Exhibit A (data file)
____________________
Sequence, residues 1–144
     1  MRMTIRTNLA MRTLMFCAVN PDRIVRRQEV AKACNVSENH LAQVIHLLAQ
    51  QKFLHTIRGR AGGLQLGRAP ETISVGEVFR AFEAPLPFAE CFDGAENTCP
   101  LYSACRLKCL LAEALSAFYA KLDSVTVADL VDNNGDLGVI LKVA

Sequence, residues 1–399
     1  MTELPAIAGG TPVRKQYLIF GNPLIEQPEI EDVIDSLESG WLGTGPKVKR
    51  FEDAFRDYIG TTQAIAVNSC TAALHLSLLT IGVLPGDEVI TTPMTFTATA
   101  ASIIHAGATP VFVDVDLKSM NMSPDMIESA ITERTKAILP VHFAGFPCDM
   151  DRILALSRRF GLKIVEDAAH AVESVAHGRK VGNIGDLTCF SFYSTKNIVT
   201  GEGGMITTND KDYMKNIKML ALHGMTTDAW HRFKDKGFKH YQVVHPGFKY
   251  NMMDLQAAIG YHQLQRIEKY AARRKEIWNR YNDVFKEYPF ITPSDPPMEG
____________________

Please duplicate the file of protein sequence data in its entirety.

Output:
Sequence, residues 1–144
     1  MRMTIRTNLA MRTLMFCAVN PDRIVRRQEV AKACNVSENH LAQVIHLLAQ
    51  QKFLHTIRGR AGGLQLGRAP ETISVGEVFR AFEAPLPFAE CFDGAENTCP
   101  LYSACRLKCL LAEALSAFYA KLDSVTVADL VDNNGDLGVI LKVA

Sequence, residues 1–399
     1  MTELPAIAGG TPVRKQYLIF GNPLIEQPEI EDVIDSLESG WLGTGPKVKR
    51  FEDAFRDYIG TTQAIAVNSC TAALHLSLLT IGVLPGDEVI TTPMTFTATA
   101  ASIIHAGATP VFVDVDLKSM NMSPDMIESA ITERTKAILP VHFAGFPCDM
   151  DRILALSRRF GLKIVEDAAH AVESVAHGRK VGNIGDLTCF SFYSTKNIVT
   201  GEGGMITTND KDYMKNIKML ALHGMTTDAW HRFKDKGFKH YQVVHPGFKY
   251  NMMDLQAAIG YHQLQRIEKY AARRKEIWNR YNDVFKEYPF ITPSDPPMEG